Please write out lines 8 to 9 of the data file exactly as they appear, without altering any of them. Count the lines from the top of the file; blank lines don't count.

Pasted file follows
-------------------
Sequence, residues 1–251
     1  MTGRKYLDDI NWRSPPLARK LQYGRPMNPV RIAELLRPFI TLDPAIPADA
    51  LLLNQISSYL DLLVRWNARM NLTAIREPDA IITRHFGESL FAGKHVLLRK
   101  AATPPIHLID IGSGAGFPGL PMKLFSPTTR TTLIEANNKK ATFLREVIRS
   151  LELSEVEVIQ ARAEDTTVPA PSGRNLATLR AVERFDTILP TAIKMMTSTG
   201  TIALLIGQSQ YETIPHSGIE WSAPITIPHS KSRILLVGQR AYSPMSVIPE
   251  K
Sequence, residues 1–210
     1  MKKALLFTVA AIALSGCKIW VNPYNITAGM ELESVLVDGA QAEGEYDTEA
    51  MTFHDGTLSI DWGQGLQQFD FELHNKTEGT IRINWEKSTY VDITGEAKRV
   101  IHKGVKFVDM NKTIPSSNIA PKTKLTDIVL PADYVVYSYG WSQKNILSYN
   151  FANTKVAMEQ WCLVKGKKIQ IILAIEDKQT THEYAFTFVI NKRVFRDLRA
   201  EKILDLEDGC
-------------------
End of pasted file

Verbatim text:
Sequence, residues 1–210
     1  MKKALLFTVA AIALSGCKIW VNPYNITAGM ELESVLVDGA QAEGEYDTEA